The Irish Times view: On coronavirus in schools

Covid-19 information gap

Immuno-compromised but vaccinated adults will worry that an easing of protocols in their children’s schools could increase the likelihood of Covid entering the household and lead to breakthrough infection. File photograph: PA

Immuno-compromised but vaccinated adults will worry that an easing of protocols in their children’s schools could increase the likelihood of Covid entering the household and lead to breakthrough infection. File photograph: PA

 

The decision to relax close contact rules for pupils in primary schools and childcare from Monday has divided opinion.

Some believe it is too early to remove the stipulation that children under 13 who are close contacts of confirmed Covid-19 cases must isolate (from next week only those with symptoms must isolate). Immuno-compromised but vaccinated adults will worry that an easing of protocols in their children’s schools could increase the likelihood of coronavirus entering the household and lead to breakthrough infection. Families in that position have no entitlement to remote learning.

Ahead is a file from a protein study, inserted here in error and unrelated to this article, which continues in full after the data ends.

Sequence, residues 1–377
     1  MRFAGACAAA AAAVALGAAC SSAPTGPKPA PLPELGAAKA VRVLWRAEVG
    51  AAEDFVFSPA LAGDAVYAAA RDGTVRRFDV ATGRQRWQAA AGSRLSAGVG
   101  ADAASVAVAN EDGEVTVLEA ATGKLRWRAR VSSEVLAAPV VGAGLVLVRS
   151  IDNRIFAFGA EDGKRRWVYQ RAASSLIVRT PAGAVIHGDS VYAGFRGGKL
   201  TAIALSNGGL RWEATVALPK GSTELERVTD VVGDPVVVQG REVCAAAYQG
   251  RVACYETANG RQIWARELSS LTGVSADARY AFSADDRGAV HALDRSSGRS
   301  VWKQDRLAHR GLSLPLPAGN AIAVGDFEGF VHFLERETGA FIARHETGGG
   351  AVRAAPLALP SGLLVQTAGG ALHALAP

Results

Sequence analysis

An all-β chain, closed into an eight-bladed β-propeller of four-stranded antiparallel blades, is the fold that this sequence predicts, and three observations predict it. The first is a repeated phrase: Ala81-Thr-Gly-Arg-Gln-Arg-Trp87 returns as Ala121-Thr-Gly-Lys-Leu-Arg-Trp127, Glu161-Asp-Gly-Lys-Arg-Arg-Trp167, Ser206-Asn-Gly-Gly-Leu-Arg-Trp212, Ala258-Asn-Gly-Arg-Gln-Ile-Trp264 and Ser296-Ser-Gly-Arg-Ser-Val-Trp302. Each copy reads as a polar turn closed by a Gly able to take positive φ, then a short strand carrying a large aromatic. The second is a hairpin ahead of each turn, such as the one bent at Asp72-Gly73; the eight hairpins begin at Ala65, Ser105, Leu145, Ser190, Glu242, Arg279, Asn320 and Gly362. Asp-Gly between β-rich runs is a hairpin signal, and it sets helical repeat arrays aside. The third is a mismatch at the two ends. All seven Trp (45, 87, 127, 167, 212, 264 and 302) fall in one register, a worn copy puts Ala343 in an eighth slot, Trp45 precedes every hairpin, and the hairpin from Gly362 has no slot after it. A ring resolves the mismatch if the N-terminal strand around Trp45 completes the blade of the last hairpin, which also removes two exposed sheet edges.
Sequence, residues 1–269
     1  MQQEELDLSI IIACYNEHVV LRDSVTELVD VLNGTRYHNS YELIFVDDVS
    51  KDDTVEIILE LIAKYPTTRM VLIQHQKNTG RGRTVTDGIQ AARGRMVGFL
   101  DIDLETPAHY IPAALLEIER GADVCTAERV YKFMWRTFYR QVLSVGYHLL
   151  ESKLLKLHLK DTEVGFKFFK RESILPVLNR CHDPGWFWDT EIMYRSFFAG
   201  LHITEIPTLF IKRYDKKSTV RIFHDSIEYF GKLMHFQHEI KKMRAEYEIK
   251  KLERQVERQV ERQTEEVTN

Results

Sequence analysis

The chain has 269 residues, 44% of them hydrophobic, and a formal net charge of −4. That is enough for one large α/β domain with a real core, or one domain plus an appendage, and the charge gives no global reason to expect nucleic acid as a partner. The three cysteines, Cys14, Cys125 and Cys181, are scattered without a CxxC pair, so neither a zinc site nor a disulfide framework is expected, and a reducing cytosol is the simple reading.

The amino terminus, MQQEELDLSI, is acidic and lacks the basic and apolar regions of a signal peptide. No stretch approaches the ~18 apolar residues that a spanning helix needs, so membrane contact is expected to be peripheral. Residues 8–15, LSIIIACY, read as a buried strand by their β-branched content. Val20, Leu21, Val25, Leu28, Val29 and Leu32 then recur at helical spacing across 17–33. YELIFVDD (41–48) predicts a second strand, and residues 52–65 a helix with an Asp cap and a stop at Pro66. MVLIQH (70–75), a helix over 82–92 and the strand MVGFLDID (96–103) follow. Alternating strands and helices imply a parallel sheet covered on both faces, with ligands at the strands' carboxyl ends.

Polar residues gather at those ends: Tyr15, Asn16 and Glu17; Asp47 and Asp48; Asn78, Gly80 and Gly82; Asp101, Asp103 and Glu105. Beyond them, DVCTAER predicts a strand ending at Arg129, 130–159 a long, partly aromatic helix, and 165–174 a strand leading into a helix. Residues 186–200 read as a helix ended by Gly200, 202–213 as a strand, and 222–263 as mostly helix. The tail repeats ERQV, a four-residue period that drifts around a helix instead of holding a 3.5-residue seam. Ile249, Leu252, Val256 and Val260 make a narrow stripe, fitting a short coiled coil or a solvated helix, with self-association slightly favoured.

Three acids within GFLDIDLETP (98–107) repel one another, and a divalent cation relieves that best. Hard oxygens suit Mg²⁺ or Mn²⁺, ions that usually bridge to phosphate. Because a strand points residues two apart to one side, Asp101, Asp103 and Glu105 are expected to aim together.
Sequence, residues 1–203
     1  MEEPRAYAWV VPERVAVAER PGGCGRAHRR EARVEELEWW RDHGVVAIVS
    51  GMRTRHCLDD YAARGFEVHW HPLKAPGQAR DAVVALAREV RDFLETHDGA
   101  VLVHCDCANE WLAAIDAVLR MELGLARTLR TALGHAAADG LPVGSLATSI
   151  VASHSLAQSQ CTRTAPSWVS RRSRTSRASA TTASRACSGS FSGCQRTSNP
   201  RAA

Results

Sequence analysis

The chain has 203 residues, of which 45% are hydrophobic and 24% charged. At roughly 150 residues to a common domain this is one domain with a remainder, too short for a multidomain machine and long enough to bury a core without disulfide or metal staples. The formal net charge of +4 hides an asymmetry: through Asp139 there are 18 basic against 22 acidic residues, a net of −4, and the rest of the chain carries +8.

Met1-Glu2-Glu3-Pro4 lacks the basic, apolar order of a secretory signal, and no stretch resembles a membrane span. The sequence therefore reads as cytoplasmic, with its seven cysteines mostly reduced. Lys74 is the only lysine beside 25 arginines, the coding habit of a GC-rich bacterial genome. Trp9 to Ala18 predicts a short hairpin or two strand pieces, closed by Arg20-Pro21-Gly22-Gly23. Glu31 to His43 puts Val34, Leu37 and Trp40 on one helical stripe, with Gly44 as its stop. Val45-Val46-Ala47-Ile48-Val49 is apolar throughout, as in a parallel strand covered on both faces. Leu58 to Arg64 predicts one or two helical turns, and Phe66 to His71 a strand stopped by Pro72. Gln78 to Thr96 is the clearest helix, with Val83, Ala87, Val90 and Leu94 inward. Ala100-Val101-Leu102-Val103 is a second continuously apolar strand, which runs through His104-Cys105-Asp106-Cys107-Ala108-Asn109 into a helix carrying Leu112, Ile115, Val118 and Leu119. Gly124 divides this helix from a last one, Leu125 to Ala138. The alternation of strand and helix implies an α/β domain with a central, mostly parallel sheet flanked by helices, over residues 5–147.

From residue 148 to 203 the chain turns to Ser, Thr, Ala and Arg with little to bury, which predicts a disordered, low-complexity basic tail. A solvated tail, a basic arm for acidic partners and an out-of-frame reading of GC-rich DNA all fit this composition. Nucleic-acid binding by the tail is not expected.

At the same time, many will feel relief that disruption to school life will ease and accept that the pandemic – and with it the response – are changing. Officials say the benefit of being able to attend school now outweighs the very small risk of serious illness for children. As Prof Philip Nolan of the National Public Health Emergency Team (Nphet) points out, positivity rates among close contacts in the 5-12 age group have reduced and incidence has been stable for the past 10 days.

A critical issue is communication. A decision that will strike some people as counter-intuitive should have been better explained. An information note covering frequently asked questions was only circulated to schools yesterday. And with the weekly briefings of the Health Service Executive and Nphet having been discontinued, the opportunities for teasing out and scrutinising public health decisions such as this one are fewer. The latest changes contain a lot of small print. Better communication could have allayed people’s concerns sooner. It might also have helped address questions over the rationale for maintaining a stricter self-isolation regime for special education settings, for example.

The Irish Primary Principals’ Network said schools would be guided by public health advice but quite reasonably pleaded for “concise, coherent and consistent” messaging on how to manage risk. That messaging will also be vital in ensuring that the changes do not create complacency or lead to easing off on basic mitigation measures.

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